Monday, May 18, 2015

Different languages and models for different purposes

Organisations, and individuals, operate in certain ways and the assets owned and used (we could choose to call these things their business architecture and their technology architecture). They need to manage and maintain their various assets to minimise e.g. cost, risk, etc. To manage these portfolios of things effectively they need to know what they are and if there are many of them be able to analyse them effectively.

They also have demands to change and make things better (i.e. transform and optimise). These demands necessarily relate to how they operate (i.e. changes to how they operate) and own (i.e. changes to what they own and use).

When an initiative(s) (e.g. a project) is put in place these demands are expressed as requirements and for a period a abstract view of future assets is described in designs and the elements of solutions (and how they relate). These requirements and designs are transitory, and specifically the level of detail they go to are transitory. They need to be able to relate to existing assets and ways of operating so the exact affect of desire change is clear.

When the initiative(s) are complete these requirements and solutions effectively cease to exist in the transition form used in the transition. At the end of the initiative and what remains are way things are done and the assets owned and used.

This sounds facile, why does this matter?

 It matters because we need to understand that we need to be able to manage:
a) the business and technology architecture
b) be able to define requirements and designs in the context of the business and technology architectures.
c) that we may used different models and languages for describing things e.g. we may use a different language, terms and concepts when we design a building vs when we own, used and operate a building.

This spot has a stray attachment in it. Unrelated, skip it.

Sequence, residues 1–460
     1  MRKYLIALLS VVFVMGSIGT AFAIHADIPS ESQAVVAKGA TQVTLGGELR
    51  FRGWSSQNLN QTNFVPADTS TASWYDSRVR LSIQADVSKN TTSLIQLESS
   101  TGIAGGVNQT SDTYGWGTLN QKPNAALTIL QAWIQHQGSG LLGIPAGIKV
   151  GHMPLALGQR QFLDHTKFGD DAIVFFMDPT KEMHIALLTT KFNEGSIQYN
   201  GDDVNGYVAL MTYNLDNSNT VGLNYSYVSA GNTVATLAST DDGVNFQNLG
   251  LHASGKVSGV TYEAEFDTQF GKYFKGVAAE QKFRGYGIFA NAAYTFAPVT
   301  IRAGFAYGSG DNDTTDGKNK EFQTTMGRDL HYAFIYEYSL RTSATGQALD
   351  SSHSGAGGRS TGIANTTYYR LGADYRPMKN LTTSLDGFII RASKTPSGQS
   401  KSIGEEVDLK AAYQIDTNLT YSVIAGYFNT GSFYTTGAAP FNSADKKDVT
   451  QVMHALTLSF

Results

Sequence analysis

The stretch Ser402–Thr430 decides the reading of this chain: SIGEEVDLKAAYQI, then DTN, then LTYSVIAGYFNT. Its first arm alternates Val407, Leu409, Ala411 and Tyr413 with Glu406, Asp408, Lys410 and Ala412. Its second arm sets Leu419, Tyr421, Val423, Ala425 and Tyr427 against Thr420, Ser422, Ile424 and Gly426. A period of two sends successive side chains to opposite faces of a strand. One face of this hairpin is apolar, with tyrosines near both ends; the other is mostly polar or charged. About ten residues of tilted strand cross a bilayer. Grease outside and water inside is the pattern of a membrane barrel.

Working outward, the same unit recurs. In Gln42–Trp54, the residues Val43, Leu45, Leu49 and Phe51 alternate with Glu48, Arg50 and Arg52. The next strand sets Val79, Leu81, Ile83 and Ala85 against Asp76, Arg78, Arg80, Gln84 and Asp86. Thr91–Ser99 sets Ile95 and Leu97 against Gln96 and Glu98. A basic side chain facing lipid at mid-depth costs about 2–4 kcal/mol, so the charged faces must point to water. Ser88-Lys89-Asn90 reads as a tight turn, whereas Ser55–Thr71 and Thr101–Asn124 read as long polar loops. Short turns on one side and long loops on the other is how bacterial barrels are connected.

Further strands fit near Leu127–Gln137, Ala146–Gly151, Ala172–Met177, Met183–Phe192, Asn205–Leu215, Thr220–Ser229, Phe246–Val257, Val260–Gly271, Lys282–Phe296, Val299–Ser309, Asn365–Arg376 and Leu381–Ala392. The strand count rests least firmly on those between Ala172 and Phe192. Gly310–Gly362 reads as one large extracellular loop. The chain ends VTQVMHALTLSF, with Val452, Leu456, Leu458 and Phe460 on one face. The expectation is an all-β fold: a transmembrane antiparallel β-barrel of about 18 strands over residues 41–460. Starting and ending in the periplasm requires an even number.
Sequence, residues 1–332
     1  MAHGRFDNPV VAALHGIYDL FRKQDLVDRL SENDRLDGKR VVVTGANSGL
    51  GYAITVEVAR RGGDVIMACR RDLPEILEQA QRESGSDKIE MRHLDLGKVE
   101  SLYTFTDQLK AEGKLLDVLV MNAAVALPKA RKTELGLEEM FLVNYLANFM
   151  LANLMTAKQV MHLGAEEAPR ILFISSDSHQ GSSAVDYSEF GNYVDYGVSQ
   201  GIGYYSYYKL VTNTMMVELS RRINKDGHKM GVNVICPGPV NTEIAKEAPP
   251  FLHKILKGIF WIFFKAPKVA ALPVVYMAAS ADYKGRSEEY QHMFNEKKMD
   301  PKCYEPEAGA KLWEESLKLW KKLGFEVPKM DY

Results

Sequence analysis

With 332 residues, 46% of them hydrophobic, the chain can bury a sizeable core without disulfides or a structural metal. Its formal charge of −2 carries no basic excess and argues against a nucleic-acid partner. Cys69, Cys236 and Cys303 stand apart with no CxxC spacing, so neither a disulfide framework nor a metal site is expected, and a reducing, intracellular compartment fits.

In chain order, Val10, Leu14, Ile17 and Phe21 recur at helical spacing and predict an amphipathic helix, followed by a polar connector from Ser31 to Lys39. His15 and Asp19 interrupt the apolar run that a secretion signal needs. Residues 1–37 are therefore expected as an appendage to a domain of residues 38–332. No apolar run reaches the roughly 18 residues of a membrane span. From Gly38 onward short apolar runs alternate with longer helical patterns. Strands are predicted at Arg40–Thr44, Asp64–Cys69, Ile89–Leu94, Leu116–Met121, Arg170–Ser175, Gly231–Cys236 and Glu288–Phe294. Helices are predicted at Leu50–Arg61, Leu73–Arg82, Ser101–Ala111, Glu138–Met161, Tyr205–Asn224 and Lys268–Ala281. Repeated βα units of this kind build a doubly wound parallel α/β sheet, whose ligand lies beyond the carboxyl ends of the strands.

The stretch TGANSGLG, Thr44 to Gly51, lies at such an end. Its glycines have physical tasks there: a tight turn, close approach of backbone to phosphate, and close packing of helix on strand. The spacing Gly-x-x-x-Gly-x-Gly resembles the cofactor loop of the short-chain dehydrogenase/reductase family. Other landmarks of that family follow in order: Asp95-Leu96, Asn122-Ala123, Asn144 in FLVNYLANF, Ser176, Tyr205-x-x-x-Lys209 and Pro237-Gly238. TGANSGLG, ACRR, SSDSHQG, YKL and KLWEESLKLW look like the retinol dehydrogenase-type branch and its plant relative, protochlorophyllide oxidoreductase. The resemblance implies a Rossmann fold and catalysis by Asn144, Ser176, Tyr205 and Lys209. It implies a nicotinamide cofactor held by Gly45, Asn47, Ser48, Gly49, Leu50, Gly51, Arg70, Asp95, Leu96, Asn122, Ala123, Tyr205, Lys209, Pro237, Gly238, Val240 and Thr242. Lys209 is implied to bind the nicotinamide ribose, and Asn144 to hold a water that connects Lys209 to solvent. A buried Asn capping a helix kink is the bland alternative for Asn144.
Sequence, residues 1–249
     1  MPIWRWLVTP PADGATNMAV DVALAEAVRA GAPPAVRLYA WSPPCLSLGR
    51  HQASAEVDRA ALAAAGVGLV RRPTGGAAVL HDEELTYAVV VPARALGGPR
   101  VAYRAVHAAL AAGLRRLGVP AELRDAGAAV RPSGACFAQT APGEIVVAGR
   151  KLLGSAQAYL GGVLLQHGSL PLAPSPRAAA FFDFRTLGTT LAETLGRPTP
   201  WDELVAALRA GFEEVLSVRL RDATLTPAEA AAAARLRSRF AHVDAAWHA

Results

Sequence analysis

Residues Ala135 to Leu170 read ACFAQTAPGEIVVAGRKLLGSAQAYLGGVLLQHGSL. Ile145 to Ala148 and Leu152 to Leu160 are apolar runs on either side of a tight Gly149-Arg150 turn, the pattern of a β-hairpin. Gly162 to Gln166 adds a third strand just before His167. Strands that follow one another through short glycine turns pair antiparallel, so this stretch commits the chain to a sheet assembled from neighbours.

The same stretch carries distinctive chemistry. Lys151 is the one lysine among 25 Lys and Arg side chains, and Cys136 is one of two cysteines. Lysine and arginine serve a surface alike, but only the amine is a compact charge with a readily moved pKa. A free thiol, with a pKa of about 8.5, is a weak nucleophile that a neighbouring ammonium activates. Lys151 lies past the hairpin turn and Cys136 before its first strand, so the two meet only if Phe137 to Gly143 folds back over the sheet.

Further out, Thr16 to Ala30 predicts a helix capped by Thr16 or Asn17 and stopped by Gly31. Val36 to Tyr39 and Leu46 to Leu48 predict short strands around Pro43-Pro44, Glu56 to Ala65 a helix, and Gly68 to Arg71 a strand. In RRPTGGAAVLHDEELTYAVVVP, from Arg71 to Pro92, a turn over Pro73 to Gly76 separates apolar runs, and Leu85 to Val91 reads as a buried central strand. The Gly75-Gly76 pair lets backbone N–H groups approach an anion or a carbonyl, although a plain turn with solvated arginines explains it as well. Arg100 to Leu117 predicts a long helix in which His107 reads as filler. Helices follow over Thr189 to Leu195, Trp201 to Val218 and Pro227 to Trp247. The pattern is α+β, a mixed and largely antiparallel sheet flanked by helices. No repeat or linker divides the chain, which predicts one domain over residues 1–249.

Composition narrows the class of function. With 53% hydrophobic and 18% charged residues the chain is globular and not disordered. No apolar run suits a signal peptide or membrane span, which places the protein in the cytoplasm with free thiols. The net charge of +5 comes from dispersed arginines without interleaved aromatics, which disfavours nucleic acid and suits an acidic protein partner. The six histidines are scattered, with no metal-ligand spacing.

I use the analogy of a building above because the average person is more familiar with a building and because therefore less easily mislead (as Dawkins's law of obscurantism is rife in IT). The reality is that designers need design languages and details to perform transitions e.g. Archimate is really a design language i.e. it is not oriented at the management of large sets of assets or holding comprehensive views of how business operate i.e. the business or technology architecture - but it needs to be to relate to these. Just as an architect needs to be able to relate his designs to the level held in the town plan and the property managers portfolio view - but his design views are not town plans - and different languages and models may be used.

Further - to summarise what I said here (

Royal of Academy of Engineering and British Computer Society identified:

  • "there is a broad reluctance to accept that complex IT projects have many similarities with major engineering projects and would benefit from greater application of well established engineering and project management ..."
  • "a striking proportion of ... difficulties stem from people ... failing to implement known best practice. This can be ascribed to the general absence of collective professionalism in the IT industry..."
  • "...  problems relate to the people and processes but further in developments in methods and tools is required to support the design and delivery ..."

No one it their right mind would suggest that the same tooling, modelling and language for:
  • Portfolio Management - is not about design (it is about economics).
  • Planning - is not about design either. it is about having view of the future at different points in time and mapping out, usually broadly, how to get make these views reality.
  • Standards Management - is not about design of any specific solution it is about saying what we should build with and how we should assemble
  • Enterprise Architecture - is about the design of enterprise and has fluid relationships to the extant, but it is not about design solutions or engineering.
  • Solution Architecture - is about design, though not really about detailed engineering or construction and need to apply languages like Archimate.
  • Software Engineering and  Systems engineering - are about design and need to apply languages like UML.
See also

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